Archdiocese Local

John Rathbun is counting his blessings — literally

Kathy and John Rathbun, members of Corpus Christi Parish in Lawrence, were diagnosed with COVID, and from July 8 to Aug. 9, John was a patient at Lawrence Memorial Hospital. While there, he kept track of every single member of the medical staff who cared for him, a list that includes 66 nurses as well as doctors and physical therapists. LEAVEN PHOTO BY MARC ANDERSON

by Marc and Julie Anderson
mjanderson@theleaven.org

LAWRENCE — It’s not about him.

At least that’s how John Rathbun, a member of Corpus Christi Parish in Lawrence, reflects upon his recent medical ordeal.

His saga started in late June.

After attending his grandson’s first Communion, John lay down for a nap. Several hours later, he was still in bed.

When his wife Kathy called their son’s house, she learned he, too, was in bed.

Within a few days, John, Kathy and their son all tested positive for COVID, but John’s condition deteriorated rapidly.

“I was really tired at first, and then the cough set in, and then my oxygen started to drop,” John said. “I actually went to the hospital. I went to the emergency room, and they treated me, and my oxygen went back up, and they sent me home.”

Three days later, though, John’s oxygenation levels fell below 70%. Kathy drove him to Lawrence Memorial Hospital. John was whisked away in a wheelchair. Staff said they’d call her when they had more news.

Later, John learned someone had called Kathy and told her he’d require a ventilator.

“I lost it,” she said. “I hung up the phone, and I fell apart.”

Kathy Rathbun looks over the notes she kept while her husband John was hospitalized with COVID. Since she could not visit him while he was hospitalized, she took notes on every piece of in- formation that the hospital gave her on John’s progress. LEAVEN PHOTO BY MARC ANDERSON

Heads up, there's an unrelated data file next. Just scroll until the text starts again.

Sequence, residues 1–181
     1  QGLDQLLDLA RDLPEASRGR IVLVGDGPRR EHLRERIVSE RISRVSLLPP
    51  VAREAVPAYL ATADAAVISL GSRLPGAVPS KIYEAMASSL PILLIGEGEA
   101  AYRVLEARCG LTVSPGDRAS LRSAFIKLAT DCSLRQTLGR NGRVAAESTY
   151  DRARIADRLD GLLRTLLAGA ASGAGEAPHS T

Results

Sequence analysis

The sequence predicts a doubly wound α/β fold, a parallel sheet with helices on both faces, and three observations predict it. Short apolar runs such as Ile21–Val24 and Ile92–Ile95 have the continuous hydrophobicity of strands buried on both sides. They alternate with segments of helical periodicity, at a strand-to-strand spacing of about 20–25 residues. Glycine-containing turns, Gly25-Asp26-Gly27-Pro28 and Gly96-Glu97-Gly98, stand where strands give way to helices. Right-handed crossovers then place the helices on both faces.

As a first grade teacher at Corpus Christi Grade School, Kathy said her summers usually meant she has a lot of time to herself. This summer was different.

“[John’s] supposed to be gone when I’m home in the summer,” she said, “but he’s been home the whole time because he’s working from home.”

And it’s been an adjustment.

But then, she got the call from the hospital.

“I said, ‘God, I didn’t mean it. I didn’t mean it. I want him home,’” she said.

Four hours after John arrived at the hospital, pulmonologist Dr. Mitchell Tener told him he’d probably be there a while but would not require a ventilator. Tener’s assessment later proved accurate. Thirty-five days later, John returned home.

Both John and Kathy credit John’s recovery to two major factors — prayer and the excellent medical care he received. If there’s one message he’d like to spread this holiday season, it’s one of gratitude.

“It’s not about me,” he said. “It’s about all the people who cared for me.”

And he means that.

In fact, John kept track of every single person he interacted with during his hospital stay, which lasted from July 8 to Aug. 9.

Keeping track of people’s names is not something people typically do, but when asked about it, John said simply, “I’m an old salesman, and I always want to keep track of people’s names.”

John’s list of nurses includes 66 names. Then, there’s the three pulmonologists as well as physical and occupational therapists, making a total of more than 70 individuals who tended to him.

“They didn’t just keep track of my blood pressure and take my temperature. It was all the little, small kindnesses they did,” he said. “I can look at the list and tell you something about each one of them and something they did for me.”